The Duke of Burgundy’s possessions in the Alsatian territory afforded him many opportunities for wreaking his displeasure upon the Swiss League. The little castle town of Ferette, lying within ten or eleven miles of Bale, served as a thoroughfare to the traffic of Berne and Soleure, the two principal towns of the Confederation. In this place the Duke posted a governor, or seneschal, who was also an administrator of the revenue, and seemed born on purpose to be the plague arid scourge of his republican neighbors.
Archibald yon Hagenbach was a German noble, whose possessions lay in Swabia, and was universally esteemed one of the fiercest and most lawless of that frontier nobility, known by the name of Robber-nights, and Robber-counts. These dignitaries, because they held their fiefs of the Holy Roman Empire, claimed as complete sovereignty within their territories of a mile square, as any reigning prince of Germany in his more extended dominions. They levied tolls and taxes on strangers, and imprisoned, tried, and executed those who, as they alleged, had committed offences within their petty domains. But especially, and in further exercise of their seignorial privileges, they made war on each other, and on the Free Cities of the Empire, attacking and plundering without mercy the caravans, or large trains of wagons, by which the internal commerce of Germany was carried on.
A succession of injuries done and received by Archibald of Hagenbach, who had been one of the fiercest sticklers for this privilege of faustrecht or club-law, as it may be termed, had ended in his being obliged, though somewhat advanced in life, to leave a country where his tenure of existence was become extremely precarious, and to engage in the service of the Duke of Burgundy, who willingly employed him, as he was a man of high descent and proved valor, and not the less, perhaps, that he was sure to find in a man of Hagenbach’s fierce, rapacious, and haughty disposition, the unscrupulous executioner of whatsoever seventies it might be his master’s pleasure to enjoin.
The traders of Berne and Soleure, accordingly, made loud and violent complaints of Hagenbach’s exactions. The impositions laid on commodities which passed through his district of La Ferette, to whatever place they might be ultimately bound, were arbitrarily increased, and the merchants and traders who hesitated to make instant payment of what was demanded, were exposed to imprisonment and personal punishment. The commercial towns of Germany appealed to the Duke against this iniquitous conduct on the part of the Governor of La Ferette, and requested of his Grace’s goodness that he would withdraw Von Hagenbach from their neighborhood; but the Duke treated their complaints with contempt. The Swiss League carried their remonstrances higher, and required that justice should be done on the Governor of La Ferette, as having offended against the iaw of nations; but they were equally unable to attract attention or obtain redress.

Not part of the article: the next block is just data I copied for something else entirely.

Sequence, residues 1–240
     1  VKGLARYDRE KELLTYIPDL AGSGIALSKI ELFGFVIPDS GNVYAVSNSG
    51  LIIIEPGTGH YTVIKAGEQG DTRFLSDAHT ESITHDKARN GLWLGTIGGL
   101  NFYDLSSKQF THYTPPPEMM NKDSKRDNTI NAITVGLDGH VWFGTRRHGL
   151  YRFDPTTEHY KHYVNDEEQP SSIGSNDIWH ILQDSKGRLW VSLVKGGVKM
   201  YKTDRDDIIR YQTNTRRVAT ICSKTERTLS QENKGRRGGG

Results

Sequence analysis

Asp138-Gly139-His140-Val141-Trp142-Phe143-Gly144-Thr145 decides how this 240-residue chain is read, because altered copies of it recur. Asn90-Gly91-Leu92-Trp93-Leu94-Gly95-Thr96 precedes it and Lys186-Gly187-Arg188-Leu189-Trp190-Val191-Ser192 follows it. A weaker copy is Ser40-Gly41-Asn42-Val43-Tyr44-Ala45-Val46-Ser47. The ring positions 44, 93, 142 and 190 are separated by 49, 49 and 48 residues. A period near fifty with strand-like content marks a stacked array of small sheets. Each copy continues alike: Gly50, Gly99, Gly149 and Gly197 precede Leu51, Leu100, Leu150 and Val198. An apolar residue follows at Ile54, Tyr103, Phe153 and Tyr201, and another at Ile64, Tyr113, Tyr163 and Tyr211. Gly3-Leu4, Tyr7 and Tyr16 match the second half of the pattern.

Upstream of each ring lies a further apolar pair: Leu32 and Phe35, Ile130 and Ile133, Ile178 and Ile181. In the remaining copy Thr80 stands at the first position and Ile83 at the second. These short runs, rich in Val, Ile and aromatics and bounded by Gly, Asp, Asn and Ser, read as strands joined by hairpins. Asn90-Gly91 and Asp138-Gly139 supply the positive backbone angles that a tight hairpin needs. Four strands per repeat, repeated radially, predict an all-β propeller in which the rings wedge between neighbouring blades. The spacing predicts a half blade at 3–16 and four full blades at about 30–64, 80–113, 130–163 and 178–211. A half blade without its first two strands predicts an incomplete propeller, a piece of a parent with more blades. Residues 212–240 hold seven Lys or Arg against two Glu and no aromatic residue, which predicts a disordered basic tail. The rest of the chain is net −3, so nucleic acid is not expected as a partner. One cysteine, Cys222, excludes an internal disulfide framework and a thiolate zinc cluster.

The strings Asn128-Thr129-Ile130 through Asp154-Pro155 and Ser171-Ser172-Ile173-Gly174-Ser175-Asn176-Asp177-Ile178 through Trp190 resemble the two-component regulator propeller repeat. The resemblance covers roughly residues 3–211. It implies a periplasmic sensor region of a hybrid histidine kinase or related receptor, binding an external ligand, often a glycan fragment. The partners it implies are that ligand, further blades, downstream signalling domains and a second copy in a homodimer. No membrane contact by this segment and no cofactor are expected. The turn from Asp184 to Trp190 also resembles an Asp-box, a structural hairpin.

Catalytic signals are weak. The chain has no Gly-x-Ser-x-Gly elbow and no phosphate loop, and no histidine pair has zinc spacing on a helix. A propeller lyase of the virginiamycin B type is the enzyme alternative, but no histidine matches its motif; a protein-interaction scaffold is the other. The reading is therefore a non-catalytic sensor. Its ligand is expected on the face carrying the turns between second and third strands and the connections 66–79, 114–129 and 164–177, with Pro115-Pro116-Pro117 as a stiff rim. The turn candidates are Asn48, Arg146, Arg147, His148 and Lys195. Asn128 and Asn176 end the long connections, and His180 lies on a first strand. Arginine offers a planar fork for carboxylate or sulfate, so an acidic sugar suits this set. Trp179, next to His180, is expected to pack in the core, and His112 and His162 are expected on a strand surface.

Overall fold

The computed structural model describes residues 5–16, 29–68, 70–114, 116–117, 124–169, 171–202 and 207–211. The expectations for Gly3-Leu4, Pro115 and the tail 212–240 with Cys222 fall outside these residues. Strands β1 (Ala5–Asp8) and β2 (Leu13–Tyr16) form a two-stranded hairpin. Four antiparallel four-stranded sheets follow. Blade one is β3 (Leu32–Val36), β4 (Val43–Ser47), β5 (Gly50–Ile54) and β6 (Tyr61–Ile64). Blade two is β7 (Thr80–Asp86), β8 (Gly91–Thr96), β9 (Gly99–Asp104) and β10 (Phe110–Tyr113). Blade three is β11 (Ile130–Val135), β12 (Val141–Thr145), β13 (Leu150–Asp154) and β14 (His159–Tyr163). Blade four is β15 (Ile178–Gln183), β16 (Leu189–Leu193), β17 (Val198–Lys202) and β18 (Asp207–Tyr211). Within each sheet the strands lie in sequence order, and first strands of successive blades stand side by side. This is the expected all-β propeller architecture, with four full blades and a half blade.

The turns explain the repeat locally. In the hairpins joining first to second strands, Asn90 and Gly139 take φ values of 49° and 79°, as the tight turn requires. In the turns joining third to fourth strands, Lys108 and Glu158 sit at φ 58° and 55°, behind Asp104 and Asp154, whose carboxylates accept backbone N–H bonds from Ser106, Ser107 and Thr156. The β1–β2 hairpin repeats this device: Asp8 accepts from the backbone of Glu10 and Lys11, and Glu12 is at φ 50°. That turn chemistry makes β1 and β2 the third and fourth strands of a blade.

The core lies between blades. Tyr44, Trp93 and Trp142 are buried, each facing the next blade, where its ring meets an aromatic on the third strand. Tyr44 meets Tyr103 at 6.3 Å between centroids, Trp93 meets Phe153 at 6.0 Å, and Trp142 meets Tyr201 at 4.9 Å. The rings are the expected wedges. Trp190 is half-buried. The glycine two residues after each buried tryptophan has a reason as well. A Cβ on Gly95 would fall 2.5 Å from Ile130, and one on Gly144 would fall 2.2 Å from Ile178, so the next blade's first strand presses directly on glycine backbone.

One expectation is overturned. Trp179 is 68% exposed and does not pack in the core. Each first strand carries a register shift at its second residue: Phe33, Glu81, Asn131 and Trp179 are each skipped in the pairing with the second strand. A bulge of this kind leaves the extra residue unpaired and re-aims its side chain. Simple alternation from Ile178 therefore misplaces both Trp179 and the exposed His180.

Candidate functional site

At length the Diet of the Confederation determined to send the solemn deputation which has been repeatedly mentioned. One or two of these envoys joined with the calm and prudent Arnold Biederman, in the hope that so solemn a measure might open the eyes of the Duke to the wicked injustice of his representative; others among the deputies, having no such peaceful views, were determined, by this resolute remonstrance, to pave the way for hostilities.
Arnold Biederman was an especial advocate for peace, while its preservation was compatible with national independence, and the honor of the Confederacy; but the younger Philipson soon discovered that the Landamman alone, of all his family, cherished these moderate views. The opinion of his sons had been swayed and seduced by the impetuous eloquence and overbearing influence of Rudolph of Donnerhugel, who, by some feats of peculiar gallantry, and the consideration due to the merit of his ancestors, had acquired an influence in the councils of his native canton, and with the youth of the League, in general, beyond what was usually yielded by these wise republicans to men of his early age. Arthur, who was now an acceptance and welcome companion of all their hunting parties and other sports, heard nothing among the young men but anticipations of war, rendered delightful by the hopes of booty and of distinction, which were to be obtained by the Switzers. The feats of their ancestors against the Germans had been so wonderful as to realize the fabulous victories of romance; and while the present race possessed the same hardy limbs, and the same inflexible courage, they eagerly anticipated the same distinguished success. When the Governor of La Ferette was mentioned in the conversation, he was usually spoken of as the bandog of Burgundy or the Alsatian mastiff; and intimation were openly given, that if his course were not instantly checked by his master, and he himself withdrawn from tbe frontiers of Switzerland, Archibald of Hagenbach would find his fortress no protection from the awakened indignation of the wronged inhabitants of Soleure, and particularly of those of Berne.